Victor Hugo certainly knew how to write poignant stories about miserable people. And thankfully, brilliant musicians seem to enjoy taking these stories and creating something as poetic and moving as their source. Music makes even the saddest tales a little sweeter – more digestible too, many would say. This is certainly the case with Dennis DeYoung The Hunchback of Notre Dameon stage at the Skylight Music Theater until June 12.
DeYoung is a founding member and lead singer of Styx. Knowing this, the dots connect perfectly hearing what it was created for Hunchback. It’s a rock opera, full of powerful ballads and even a lead role that seems inspired by DeYoung’s frontman tone.
For those who don’t know, The Hunchback of Notre Dame is a French Gothic novel by Victor Hugo published in 1831. It is the story of Quasimodo, disfigured from birth and destined to ring the bells of Notre-Dame Cathedral. His benefactor is Frollo, a devout but troubled clergyman. In the royal guard is Captain Phoebus, and the object of the affection of the three men is Esmerelda, a Roma dancer. Esmeralda lives in the Cour des Miracles, the slums of Paris, alongside mother figure and fortune teller Mahiette. The leader of their troop is the thief Clopin.
I’m not going to go deep into the story, but keep in mind: Hunchback takes place in medieval Paris in a society that does not hesitate to ridicule and vilify those who are deemed different. Be warned that the show includes depictions of suicide, murder, and the gallows. If you were hoping for a Disney-fied version, you won’t find it here – this Hunchback has no wise gargoyles.
What it is, however, is stunning, extraordinary and masterfully staged. The Skylight has outdone itself with this season finale. Artistic director Michael Unger says he dreamed of putting on DeYoung’s Hunchback for 28 years. His affinity for the material is a delightful story, so be sure to read about the origin of Unger’s love for this musical, and his friendship with DeYoung, in your show schedule.
When I say the Skylight has outdone itself, it’s no exaggeration. The caliber of talent, vocal power, triple threats – I don’t know the last time there was such a cohesive cast at Skylight. Their shows and castings are always great, but this one is superb.
We first hear Kevin Anderson as Frollo with “Who Will Love This Child.” Anderson impresses right away with her powerful voice that sounds like she could easily stand up to a rock band. He plays the tormented priest with a Javert-esque quality. Should we see the good in him, pity him, despise him? His portrait is well balanced.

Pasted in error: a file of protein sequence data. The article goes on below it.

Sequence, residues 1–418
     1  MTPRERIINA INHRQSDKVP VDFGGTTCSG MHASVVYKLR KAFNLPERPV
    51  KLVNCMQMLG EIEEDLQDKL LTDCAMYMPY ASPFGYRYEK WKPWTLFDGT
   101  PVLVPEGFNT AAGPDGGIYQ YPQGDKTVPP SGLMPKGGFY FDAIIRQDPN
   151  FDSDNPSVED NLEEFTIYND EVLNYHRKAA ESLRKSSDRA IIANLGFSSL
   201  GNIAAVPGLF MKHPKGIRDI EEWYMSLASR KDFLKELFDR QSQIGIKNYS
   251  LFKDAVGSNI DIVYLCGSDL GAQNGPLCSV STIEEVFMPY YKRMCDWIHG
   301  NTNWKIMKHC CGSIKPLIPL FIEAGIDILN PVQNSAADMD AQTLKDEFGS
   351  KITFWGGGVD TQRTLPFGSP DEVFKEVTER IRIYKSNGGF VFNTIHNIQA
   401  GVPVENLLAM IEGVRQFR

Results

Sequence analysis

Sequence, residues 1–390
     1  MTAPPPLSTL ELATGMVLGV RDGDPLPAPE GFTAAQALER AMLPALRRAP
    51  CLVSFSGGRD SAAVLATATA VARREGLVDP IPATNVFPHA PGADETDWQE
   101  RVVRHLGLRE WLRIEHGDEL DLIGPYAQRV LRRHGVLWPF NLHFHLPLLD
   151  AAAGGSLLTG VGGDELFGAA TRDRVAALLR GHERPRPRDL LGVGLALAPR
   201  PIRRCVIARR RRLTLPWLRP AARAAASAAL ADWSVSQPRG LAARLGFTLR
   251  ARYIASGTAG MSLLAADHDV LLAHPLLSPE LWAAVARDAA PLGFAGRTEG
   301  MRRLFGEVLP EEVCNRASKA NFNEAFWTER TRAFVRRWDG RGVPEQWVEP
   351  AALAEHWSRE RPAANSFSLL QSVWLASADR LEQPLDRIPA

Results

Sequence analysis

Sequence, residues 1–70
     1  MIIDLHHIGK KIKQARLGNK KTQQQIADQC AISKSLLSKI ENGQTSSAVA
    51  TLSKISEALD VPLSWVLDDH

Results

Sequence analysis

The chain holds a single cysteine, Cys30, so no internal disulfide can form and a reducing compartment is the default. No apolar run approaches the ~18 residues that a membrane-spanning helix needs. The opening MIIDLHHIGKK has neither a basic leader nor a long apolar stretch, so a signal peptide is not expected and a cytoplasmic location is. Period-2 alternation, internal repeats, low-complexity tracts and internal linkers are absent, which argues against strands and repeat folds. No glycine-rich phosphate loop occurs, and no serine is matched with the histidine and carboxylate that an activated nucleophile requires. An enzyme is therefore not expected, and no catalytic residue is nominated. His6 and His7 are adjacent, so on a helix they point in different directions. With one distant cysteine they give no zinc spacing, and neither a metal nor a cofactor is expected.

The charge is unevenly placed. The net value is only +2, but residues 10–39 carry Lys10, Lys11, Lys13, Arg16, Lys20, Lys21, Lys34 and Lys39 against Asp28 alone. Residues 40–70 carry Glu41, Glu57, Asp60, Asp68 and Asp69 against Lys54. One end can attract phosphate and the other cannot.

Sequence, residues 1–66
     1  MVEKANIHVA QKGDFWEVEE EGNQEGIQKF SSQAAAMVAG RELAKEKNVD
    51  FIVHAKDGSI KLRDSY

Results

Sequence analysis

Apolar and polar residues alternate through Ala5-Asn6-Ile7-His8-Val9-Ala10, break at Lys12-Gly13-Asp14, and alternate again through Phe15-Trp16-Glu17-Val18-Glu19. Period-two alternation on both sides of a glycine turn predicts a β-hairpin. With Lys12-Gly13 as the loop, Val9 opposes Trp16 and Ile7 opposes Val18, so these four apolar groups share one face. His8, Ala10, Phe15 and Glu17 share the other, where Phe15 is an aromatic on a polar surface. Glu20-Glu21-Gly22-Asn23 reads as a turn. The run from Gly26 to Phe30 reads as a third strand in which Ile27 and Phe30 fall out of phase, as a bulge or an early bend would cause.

Understand now, I found Anderson’s voice to be excellent. But just when you think “Wow, Anderson is killing him!” comes Ben Gulley, bringing down the house with “In My Silence”. Gulley’s big, beautiful voice is so overwhelming that it would be unfair to compare the two. Both are great on their own, but Gulley could hang on to the best of world-class Broadway, opera, etc. The magic he does as Quasimodo stirs up a feeling that will stay with you. (Isn’t it the best?)
As Esmerelda, Skylight welcomes Alanis Sophia, a bilingual songwriter and musician who recently reached the Top 16 on season 19 of american idol. Just as Esmeralda should, Sophia shines and dazzles with both her presence and her powerful voice. Her voice is somewhere between pop and Disney princess, in an authentic and splendid place all its own.
Esmeralda’s mother figure, Mahiette, is played by returning favorite Janet Metz. Unsurprisingly, she turns this supporting role into gold. Her singular voice and energy elevates every stage she graces. As Romani leader Clopin, Seth K. Hale is another former Skylight alumni. He brings an essential lightness and a spark of humor to Hunchbackwith an awesome voice to boot.
Rounding out the main cast are the king’s men, handsome Phoebus (Joey Chelius) and guard Gudule (André Sguerra). Hailing from Milwaukee also returning to Skylight, Chelius is a perfect Phoebus full of charm and swagger with a voice to match. Sguerra’s incredibly deep register impresses at every turn, making Gudule the kind of brute you love to hate.
If all that wasn’t enough, the whole thing brings an astonishing wall of sound, full of strength and charisma. And dancing? They excel at it too. Lisa Shriver’s choreography is a whirlwind of radiant color and life, filling the stage without ever feeling cramped. It is a stunning achievement.
It also doesn’t hurt that Alyssa Ridder’s lush, vibrant costumes and Adam Koch’s towering stage design really keep the eye engaged throughout. Hunchback is both intimate and breathtaking – a real gem of an experience you won’t soon forget.